Trump Signs Bipartisan Funding Deal for Small Business ‘Paycheck Protection Program’, Hospitals & COVID-19 Testing
Do you support the Paycheck Protection Program & Healthcare Enhancement Act?
by Countable | 4.24.20
UPDATE - 4/24/20 (1:15pm EDT): President Donald Trump signed the Paycheck Protection Program & Healthcare Enhancement Act into law in the Oval Office on Friday.
UPDATE - 4/23/20 (6:30pm EDT): The House on Thursday passed the Paycheck Protection Program & Healthcare Enhancement Act on a vote of 388-5, 1 present. The five no votes included Rep. Alexandria Ocasio-Cortez (D-NY) as the lone Democrat, plus Reps. Andy Biggs (R-AZ), Ken Buck (R-CO), Jody Hice (R-GA), and Thomas Massie (R-KY). The present vote was cast by Rep. Justin Amash (I-MI).
The bill will soon be signed into law by President Donald Trump, allowing the Paycheck Protection Program to resume processing applications after it ran out of funding on April 16th.
UPDATE - 4/22/20 (11:00pm EDT): The House is set to vote Thursday on the Paycheck Protection Program & Healthcare Enhancement Act, and lawmakers will be practicing social distancing as they vote. Majority Leader Steny Hoyer (D-MD) announced that members will be called to the floor to vote in eight alphabetized groups, with each group allotted a 10 minute window. This process will play out for each vote the House takes on Thursday, with a 30 minute break between votes to allow for a cleaning of the House chamber.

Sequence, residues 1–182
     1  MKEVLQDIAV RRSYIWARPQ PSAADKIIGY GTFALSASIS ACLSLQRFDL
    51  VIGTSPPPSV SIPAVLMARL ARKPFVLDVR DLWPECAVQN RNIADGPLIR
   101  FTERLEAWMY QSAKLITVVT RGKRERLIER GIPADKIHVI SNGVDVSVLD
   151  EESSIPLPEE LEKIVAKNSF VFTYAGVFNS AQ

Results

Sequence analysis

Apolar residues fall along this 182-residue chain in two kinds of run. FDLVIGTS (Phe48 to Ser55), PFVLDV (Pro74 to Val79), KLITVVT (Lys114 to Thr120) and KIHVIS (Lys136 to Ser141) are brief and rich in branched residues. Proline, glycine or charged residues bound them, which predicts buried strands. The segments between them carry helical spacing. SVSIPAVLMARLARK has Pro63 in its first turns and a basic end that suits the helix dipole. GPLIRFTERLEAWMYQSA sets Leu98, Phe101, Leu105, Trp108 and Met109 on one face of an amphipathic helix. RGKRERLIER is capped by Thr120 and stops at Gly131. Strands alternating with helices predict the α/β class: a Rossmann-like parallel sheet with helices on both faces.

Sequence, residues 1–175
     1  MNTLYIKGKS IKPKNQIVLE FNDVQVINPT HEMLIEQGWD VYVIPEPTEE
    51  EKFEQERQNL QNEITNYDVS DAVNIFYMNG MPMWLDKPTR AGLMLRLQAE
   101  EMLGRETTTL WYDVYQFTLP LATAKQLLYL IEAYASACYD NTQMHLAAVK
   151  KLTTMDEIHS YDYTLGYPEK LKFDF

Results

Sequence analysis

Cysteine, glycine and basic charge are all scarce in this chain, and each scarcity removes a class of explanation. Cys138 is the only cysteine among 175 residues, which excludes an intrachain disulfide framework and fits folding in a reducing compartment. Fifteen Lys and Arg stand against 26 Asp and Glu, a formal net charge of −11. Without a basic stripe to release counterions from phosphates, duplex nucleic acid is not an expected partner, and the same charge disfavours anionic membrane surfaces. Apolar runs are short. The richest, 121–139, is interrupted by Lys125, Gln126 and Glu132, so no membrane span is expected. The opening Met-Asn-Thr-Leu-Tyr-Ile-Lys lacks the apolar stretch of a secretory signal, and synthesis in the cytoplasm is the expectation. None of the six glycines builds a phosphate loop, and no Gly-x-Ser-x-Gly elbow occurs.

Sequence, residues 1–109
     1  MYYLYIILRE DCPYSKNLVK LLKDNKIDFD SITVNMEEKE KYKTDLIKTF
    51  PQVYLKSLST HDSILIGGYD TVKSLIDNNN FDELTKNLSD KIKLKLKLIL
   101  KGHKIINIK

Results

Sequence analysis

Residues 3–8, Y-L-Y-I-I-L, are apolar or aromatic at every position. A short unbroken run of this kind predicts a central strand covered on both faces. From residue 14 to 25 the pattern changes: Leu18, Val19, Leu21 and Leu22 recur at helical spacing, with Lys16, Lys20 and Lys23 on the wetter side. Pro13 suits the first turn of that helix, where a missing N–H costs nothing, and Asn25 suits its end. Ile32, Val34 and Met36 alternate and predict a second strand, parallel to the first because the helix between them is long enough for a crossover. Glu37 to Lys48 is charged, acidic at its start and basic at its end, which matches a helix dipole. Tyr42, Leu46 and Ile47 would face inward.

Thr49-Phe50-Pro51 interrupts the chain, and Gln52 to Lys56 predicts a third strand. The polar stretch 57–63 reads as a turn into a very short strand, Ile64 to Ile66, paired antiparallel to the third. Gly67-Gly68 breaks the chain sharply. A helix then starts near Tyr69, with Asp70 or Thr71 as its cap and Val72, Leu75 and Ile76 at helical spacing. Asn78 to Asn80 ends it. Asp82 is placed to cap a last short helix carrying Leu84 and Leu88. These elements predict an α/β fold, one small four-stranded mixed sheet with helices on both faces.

UPDATE - 4/21/20 (5:10pm EDT): The Senate passed the Paycheck Protection Program & Healthcare Enhancement Act by voice vote. The bill now heads to the House for a passage vote that's expected to occur Thursday.
Several lawmakers, including Majority Leader Mitch McConnell (R-KY), Minority Leader Chuck Schumer (D-NY), and Sens. Mike Lee (R-UT), Ben Cardin (D-MD), and Rand Paul (R-KY) spoke on the floor. UPD
Lee & Paul expressed reservations about Congress not remaining in session to do the people's business while debate over substantial spending bills is ongoing, although they didn't request a recorded vote out of respect for the difficulty some of their colleagues faced in returning to the Capitol.
Countable's original article appears below.
What’s the story?
- The White House and congressional Democrats announced Tuesday that they reached an agreement on a $484 billion “phase 3.5” coronavirus relief package.